Maybe the Bush years have drained the consensus’ expectations, but not mine. What I heard were bad singers of the uncompelling variety moaning and hooting through poorly arranged “soundscapes” with a lot of trudge as lacking in complexity as they were in tempo. Desperate Youth, Blood Thirsty Babes was a turgid antithesis to rock and roll that won only slightly less acclaim in 2004 than Return did in 2006. The most exciting thing about it was that vigorous album title. Would I love to love an album named that? Well, fuck yes, I mean, it sounds hella more corrosive than Pink Flag or Wild Gift. But my hopes dashed once I heard it. To the ether marched the promising “The Wrong Way,” an awful Jack White impersonation juxtaposed against jazzy horn charts and brick-viscous distorto-bass. “Staring at the Sun” and “Dreams” followed with embarrassingly generic melodies and cheap drum machines inefficiently shading a limited album that could barely keep itself from wetting to mush. To this day, that album sounds like a slug in a salt mine, too weak to dig itself out.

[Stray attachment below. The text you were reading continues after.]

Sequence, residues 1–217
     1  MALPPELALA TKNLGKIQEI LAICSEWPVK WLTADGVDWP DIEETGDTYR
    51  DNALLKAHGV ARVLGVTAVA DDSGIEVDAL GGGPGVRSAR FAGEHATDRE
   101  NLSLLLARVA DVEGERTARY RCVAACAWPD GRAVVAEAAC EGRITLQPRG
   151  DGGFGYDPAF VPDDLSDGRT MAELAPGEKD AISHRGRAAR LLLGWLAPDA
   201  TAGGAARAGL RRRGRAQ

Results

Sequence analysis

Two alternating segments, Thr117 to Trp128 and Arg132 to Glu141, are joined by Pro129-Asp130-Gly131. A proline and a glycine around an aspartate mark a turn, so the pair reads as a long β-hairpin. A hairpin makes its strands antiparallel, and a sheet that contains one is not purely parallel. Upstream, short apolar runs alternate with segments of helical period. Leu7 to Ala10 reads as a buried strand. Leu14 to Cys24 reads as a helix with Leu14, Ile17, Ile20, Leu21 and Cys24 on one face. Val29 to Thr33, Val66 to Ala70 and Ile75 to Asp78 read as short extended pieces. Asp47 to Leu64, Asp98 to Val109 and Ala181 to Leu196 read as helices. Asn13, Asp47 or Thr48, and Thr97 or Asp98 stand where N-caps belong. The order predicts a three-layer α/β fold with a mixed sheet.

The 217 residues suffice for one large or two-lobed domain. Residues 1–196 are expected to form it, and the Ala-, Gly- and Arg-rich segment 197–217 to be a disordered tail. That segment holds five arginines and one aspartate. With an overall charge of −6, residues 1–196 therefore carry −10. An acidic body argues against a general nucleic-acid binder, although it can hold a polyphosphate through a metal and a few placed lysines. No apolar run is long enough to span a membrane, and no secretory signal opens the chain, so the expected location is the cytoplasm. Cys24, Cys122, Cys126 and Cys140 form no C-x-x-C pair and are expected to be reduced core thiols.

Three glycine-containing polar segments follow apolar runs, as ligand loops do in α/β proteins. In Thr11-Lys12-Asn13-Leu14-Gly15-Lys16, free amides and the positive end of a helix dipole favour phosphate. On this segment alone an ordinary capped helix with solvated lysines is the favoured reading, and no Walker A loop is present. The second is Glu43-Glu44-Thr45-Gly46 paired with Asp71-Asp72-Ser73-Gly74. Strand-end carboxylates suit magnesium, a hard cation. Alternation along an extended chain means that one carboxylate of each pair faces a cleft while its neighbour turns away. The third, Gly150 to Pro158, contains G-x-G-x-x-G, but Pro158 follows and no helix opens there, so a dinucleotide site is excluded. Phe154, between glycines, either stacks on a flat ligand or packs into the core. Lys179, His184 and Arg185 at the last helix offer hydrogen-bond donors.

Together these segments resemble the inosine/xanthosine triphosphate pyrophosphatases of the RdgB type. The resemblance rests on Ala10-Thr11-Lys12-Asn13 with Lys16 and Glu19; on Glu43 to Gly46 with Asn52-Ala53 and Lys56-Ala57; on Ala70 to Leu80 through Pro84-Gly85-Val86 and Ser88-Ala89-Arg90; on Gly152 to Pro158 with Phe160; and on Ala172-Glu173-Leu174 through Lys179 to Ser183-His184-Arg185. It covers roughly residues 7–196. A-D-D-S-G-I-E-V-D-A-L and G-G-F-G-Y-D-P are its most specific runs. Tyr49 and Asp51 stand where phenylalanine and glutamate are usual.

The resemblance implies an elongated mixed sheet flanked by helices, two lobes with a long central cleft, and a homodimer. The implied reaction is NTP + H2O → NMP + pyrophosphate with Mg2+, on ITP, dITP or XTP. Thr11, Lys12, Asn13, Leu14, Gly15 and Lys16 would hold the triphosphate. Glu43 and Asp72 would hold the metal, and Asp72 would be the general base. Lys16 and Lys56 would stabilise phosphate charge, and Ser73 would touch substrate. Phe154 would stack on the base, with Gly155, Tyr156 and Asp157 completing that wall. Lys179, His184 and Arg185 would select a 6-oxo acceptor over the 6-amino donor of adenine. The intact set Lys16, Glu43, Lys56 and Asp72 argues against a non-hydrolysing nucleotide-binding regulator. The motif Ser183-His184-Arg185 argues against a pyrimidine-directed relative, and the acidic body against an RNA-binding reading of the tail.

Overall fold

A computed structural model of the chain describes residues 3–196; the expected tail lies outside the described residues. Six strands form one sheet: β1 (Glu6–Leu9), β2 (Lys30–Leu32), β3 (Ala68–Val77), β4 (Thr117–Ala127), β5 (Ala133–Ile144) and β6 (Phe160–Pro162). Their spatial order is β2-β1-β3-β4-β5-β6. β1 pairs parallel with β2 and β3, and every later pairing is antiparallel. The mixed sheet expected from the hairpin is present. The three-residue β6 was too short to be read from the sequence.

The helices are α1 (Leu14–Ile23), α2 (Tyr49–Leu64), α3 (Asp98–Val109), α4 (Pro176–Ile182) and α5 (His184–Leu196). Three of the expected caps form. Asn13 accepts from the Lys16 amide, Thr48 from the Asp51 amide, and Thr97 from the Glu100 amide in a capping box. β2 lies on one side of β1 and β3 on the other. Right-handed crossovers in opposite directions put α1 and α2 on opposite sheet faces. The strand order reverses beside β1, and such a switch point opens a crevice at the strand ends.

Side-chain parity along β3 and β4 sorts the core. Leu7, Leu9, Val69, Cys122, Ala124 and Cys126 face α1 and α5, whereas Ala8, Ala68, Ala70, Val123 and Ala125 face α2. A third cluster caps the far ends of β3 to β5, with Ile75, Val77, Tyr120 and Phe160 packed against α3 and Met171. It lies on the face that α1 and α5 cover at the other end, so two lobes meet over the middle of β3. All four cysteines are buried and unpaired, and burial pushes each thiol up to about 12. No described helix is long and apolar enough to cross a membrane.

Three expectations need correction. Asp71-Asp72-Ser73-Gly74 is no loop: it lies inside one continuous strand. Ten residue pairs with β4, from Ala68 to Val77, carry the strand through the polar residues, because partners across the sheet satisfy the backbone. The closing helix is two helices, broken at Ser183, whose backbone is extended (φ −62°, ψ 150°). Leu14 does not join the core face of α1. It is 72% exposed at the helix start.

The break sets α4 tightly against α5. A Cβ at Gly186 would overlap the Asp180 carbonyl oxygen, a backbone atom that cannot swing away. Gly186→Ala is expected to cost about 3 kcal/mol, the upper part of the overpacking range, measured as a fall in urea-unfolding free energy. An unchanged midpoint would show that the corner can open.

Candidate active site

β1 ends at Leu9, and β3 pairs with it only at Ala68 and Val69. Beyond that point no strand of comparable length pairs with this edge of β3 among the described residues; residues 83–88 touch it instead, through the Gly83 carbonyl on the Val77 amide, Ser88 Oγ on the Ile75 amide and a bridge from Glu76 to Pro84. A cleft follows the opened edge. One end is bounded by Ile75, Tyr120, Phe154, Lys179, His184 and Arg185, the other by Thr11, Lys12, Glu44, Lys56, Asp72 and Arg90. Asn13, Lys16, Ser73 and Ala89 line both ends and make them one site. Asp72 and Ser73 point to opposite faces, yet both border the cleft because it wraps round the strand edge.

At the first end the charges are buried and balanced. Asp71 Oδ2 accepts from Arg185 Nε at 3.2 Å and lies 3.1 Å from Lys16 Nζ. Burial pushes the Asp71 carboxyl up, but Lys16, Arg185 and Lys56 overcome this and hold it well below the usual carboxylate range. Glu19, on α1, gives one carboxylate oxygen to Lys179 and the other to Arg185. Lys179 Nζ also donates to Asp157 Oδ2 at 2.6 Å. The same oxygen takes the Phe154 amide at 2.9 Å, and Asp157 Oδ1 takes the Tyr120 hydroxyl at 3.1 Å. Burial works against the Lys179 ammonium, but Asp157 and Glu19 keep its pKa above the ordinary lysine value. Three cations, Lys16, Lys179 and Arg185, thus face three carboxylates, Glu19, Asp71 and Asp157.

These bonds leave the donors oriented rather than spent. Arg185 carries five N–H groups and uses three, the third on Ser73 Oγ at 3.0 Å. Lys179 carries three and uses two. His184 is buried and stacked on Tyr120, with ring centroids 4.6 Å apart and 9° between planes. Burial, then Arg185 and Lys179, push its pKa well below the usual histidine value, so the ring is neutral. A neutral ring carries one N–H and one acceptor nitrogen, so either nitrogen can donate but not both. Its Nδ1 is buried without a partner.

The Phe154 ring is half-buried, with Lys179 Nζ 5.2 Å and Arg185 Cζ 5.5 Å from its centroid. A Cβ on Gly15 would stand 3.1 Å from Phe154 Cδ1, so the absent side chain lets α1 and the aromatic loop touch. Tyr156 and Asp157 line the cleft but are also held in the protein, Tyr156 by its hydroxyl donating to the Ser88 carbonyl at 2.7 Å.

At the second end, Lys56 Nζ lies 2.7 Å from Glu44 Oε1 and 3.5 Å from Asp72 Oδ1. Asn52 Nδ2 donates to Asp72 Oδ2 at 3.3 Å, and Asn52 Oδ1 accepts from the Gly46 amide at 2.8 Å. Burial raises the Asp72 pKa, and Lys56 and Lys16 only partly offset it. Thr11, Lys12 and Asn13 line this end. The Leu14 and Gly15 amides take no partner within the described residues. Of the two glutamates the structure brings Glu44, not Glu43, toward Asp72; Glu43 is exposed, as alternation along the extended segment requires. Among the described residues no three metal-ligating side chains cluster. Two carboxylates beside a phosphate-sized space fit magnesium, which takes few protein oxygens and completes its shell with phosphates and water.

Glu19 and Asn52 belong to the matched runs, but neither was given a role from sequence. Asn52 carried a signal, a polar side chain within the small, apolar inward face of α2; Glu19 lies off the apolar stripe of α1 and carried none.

I shook it off, because nothing that unsure of its footing stays long in the genre. The Dears still make albums I presume, and I’m free to never remember their release dates again. TVOTR was a comfortable cast-aside for a minute before Return to Cookie Mountain grievously doubled their acclaim in the eyes of people lacking for “punk” or “exhilarating” music ever since garage and dancepunk went to the 15-minute bins. When your media center stubbornly stays dialed to Devendra Banhart, these things happen, I guess.